A federal judge has temporarily blocked the new North Dakota law that bans abortions after a fetal heartbeat is detected, calling it "clearly invalid and unconstitutional," the AP reports. The law was set to go into effect at the beginning of August but the judge granted the temporary injunction after the state's only abortion clinic filed a lawsuit. Fetal heartbeats can be detected as early as six weeks, before many women know they are pregnant. The Red River Women's Clinic says the ban will put it out of business by outlawing 90% of the abortions it performs, Reuters reports.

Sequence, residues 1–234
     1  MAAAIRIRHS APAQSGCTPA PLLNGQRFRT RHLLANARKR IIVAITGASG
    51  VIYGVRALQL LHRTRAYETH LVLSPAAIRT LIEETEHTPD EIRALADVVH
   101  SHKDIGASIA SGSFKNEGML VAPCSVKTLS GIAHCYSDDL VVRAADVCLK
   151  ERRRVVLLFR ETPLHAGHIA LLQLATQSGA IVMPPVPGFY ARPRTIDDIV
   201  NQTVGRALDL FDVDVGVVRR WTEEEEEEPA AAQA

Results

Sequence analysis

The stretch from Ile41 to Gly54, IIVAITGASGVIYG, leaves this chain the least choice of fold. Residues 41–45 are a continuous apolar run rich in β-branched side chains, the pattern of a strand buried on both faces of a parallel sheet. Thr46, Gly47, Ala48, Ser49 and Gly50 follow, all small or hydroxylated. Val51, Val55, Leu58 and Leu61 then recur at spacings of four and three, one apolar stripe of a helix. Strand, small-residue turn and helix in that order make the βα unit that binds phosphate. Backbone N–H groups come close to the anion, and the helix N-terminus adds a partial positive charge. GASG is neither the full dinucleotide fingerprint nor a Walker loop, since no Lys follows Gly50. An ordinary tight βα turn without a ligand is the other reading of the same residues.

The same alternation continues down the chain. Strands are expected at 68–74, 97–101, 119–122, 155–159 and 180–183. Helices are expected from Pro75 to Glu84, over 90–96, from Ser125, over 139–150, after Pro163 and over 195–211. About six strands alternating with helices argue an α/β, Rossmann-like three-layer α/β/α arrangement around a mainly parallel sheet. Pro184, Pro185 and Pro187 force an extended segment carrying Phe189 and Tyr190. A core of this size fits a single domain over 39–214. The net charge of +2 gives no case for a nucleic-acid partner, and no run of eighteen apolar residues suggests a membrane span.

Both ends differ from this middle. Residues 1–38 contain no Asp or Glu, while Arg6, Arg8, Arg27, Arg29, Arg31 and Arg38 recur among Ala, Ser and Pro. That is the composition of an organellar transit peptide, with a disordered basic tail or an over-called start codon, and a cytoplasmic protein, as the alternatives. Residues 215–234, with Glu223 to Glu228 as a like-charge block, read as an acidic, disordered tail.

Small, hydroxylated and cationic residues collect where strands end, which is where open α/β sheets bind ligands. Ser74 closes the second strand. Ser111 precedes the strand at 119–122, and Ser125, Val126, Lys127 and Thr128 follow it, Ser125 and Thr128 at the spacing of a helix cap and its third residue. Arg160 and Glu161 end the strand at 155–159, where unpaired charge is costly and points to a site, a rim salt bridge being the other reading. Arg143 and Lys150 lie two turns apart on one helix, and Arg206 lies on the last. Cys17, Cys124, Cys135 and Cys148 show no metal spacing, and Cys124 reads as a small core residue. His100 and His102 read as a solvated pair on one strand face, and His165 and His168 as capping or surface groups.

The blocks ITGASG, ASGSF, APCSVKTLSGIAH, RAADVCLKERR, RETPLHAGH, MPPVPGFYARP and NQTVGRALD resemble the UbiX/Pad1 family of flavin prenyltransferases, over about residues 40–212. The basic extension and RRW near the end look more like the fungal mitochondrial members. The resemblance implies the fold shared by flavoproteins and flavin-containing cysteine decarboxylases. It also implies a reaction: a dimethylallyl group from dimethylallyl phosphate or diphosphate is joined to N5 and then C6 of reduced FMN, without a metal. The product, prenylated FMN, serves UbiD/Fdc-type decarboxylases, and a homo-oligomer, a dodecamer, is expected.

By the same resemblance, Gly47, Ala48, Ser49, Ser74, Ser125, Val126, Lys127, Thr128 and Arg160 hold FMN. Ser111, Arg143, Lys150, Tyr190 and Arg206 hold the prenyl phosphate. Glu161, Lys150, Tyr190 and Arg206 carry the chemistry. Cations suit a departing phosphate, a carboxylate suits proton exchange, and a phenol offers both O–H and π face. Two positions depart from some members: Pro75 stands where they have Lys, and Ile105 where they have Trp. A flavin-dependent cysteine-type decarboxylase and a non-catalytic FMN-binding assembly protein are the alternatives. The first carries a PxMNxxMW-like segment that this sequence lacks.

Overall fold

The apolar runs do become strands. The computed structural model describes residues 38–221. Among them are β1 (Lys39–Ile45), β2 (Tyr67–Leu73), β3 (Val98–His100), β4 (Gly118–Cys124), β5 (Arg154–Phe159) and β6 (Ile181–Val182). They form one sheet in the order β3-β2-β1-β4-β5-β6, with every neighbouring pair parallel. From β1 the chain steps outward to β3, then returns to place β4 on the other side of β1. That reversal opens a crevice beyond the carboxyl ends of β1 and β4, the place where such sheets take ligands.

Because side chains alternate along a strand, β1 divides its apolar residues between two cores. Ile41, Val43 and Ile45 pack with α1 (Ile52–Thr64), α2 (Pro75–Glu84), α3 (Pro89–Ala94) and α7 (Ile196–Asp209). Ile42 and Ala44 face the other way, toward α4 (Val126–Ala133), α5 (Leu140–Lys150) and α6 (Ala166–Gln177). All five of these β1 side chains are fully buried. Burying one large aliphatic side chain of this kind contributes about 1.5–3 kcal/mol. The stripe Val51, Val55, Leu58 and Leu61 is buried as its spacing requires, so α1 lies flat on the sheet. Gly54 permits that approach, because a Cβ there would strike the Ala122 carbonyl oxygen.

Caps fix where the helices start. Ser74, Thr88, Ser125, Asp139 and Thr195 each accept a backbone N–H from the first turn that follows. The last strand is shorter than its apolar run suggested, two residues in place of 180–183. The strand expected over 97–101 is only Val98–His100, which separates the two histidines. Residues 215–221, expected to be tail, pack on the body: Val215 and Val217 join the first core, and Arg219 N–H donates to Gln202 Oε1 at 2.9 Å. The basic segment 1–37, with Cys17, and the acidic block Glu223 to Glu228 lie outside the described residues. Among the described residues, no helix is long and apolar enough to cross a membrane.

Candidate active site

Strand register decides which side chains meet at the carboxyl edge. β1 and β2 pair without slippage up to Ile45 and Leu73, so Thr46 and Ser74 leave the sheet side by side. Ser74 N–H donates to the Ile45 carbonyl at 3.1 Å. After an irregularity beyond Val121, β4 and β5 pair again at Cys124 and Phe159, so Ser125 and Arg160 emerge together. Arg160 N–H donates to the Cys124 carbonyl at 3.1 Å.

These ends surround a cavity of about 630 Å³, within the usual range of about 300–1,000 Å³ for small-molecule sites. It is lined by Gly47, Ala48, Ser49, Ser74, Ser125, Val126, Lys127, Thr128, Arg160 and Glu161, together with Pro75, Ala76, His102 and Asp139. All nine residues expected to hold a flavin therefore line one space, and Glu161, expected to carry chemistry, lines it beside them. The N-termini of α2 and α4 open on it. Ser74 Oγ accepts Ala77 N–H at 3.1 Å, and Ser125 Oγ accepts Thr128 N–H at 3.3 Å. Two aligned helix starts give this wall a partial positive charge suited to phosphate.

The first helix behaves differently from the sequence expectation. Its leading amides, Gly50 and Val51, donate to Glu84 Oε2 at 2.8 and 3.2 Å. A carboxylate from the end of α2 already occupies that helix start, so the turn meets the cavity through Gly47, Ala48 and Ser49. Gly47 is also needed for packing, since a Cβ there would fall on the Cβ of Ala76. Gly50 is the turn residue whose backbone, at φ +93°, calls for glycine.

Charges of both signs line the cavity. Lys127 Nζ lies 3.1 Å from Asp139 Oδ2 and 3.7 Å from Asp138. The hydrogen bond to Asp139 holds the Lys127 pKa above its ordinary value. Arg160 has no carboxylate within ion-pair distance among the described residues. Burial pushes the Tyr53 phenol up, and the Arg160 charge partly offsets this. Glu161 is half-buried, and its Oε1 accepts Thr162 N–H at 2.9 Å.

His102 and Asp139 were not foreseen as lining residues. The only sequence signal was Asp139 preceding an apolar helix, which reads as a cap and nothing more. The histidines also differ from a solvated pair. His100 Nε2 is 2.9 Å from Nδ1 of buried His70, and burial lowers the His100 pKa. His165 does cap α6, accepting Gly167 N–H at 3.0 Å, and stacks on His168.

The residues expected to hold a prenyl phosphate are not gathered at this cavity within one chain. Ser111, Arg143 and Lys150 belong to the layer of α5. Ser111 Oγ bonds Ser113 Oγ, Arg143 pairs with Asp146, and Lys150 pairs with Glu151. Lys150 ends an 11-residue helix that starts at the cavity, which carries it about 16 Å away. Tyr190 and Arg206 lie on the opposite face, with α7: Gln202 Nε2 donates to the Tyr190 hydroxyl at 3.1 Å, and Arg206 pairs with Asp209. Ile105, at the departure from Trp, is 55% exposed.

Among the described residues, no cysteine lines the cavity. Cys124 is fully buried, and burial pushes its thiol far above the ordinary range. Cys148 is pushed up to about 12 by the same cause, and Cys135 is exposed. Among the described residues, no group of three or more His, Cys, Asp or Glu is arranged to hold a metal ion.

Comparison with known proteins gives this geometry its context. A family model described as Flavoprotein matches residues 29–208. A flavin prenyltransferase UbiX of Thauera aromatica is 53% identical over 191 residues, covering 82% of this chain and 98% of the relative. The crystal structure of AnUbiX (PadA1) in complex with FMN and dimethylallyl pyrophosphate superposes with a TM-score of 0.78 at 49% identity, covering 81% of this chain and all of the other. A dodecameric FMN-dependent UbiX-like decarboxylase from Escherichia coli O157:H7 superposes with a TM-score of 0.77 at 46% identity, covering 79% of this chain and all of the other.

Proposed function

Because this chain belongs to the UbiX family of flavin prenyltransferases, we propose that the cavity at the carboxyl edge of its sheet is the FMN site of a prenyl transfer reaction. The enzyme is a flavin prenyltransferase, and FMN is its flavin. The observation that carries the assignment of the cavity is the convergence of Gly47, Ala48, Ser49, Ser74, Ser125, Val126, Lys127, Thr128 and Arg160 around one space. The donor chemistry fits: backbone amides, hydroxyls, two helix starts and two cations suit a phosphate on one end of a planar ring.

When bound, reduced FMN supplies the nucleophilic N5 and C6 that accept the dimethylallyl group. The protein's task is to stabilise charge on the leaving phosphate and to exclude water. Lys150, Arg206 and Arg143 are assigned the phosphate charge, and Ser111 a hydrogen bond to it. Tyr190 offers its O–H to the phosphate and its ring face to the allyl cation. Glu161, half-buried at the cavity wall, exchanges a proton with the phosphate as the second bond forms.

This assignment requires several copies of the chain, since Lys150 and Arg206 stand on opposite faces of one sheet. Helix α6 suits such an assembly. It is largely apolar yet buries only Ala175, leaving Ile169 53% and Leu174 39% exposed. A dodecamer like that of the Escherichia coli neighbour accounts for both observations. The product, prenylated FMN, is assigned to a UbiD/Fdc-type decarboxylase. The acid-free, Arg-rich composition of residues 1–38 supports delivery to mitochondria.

The lawsuit argues the ban is unconstitutional and will put women's health at risk. If Red River closes, women will have to travel about 250 miles to neighboring states to have the procedure. "The United States Supreme Court has unequivocally said that no state may deprive a woman of the choice to terminate her pregnancy at a point prior to viability," the judge wrote in his ruling, per the Washington Post. The lawsuit is also fighting another new measure that prohibits women from having an abortion because their fetus has a genetic defect, such as Down syndrome, reports the AP. (Read more North Dakota stories.)